How Nature Deficit Disorder is damaging today’s kids

Last Child in the Woods, by Richard Louv

This American book is a cogent, well-researched explanation of the many ways that kids benefit from contact with nature, the problems if they don’t, and ways to tackle the problem.

Nature Deficit Disorder: what it is, how it arises

Louv coined the term Nature Deficit Disorder: this is a persuasive and upsetting account of a widespread problem. He cites numerous studies, from the US and Europe: for example, the percentage of children regularly playing outdoors has dropped dramatically. For example, a US study showed that 70% of today’s mothers recall playing outdoors every day as children, but only 26% said their own kids play outdoors daily. Also the area of outdoors where children play has been hugely constricted: instead of the great outdoors, many kids are only playing in their small backyard or school playgrounds.

Why is this happening? He observes that many parents convey fear messages about nature, for example ‘stranger danger’. Many ‘play’ activities of forty years ago – climbing trees, lighting bonfires, building tree houses, may now be seen as dangerous, damaging, even illegal: his third chapter is called The Criminalisation of Natural Play.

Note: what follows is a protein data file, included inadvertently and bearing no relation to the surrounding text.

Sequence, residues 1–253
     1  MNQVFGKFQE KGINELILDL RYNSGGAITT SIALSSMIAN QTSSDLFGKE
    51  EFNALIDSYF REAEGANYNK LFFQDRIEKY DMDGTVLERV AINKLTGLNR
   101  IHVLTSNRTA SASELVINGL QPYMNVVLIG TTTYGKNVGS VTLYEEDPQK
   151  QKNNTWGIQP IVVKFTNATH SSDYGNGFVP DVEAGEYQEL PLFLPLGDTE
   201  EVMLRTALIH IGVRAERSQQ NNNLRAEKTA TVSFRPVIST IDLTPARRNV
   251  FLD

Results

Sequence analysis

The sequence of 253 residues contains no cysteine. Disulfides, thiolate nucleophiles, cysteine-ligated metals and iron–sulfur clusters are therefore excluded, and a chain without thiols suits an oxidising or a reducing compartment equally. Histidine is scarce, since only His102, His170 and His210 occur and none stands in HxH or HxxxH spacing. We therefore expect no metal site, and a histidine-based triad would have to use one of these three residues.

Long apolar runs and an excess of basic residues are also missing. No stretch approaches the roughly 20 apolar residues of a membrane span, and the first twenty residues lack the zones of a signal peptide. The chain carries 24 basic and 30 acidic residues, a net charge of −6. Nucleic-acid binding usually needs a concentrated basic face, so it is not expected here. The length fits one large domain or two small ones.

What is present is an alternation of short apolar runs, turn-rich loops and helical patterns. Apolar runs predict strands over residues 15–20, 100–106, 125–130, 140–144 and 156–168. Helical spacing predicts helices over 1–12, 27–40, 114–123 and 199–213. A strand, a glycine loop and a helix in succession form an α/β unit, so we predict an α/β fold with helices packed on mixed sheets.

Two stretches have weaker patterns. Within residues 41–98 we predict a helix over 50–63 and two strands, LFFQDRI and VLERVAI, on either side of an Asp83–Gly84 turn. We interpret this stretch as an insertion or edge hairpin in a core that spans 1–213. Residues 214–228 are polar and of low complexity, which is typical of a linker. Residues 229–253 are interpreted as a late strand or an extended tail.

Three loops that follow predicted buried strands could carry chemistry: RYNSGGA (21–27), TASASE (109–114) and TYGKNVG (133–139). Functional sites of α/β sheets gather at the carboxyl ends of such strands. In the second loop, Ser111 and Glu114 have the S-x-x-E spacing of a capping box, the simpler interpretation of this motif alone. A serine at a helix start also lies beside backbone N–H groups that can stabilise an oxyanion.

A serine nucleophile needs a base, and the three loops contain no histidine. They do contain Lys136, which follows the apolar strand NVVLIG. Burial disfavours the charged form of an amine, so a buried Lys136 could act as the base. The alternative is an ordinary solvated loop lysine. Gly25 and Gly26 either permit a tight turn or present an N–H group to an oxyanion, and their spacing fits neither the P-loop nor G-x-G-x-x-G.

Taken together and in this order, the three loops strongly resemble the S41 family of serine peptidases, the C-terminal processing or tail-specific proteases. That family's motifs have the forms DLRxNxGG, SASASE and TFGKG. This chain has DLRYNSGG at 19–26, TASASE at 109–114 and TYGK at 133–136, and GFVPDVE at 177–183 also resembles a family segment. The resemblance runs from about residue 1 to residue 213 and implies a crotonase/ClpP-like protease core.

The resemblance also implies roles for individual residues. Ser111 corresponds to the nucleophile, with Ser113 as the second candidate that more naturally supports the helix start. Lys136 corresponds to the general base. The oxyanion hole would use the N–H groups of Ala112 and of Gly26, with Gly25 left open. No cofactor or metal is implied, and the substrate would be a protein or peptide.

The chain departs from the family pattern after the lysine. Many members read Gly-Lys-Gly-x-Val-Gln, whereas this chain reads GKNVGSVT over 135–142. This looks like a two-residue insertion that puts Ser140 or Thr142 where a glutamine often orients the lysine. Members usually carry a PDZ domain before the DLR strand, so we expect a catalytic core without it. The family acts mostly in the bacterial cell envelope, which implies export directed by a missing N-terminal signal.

And even nature education may be a problem. David Sobel, one of the US experts in this field, says: “If we fill our classrooms of examples of environmental abuse, we may be engendering….dissociation. In our zest for making them aware of and responsible for the world’s problems, we cut our children off from their roots”.

Louv also quotes a chilling comment by leading environmentalist Theodore Roszack: “Environmentalists, by and large, are very deeply invested in tactics that have worked to their satisfaction over the last 30 years, mainly scaring and shaming people…” Put another way, it’s easy for environmentalists to see children as part of the threat to nature, not as the potential future guardians of it.

The damaging effects of Nature Deficit Disorder (NDD) can be deduced from numerous studies showing the benefits of contact with nature. So read on!

Some good news: the many benefits of nature contact

Louv offers numerous solid examples of this. A 10 year study in 160 US schools showed that environment-based education had substantial benefits on academic learning and such wider skills as critical thinking, problem solving and decision making, social skills, and also reduced disciplinary issues. Both children and adults gain a greater sense of wellbeing from time in nature – and even from views of it.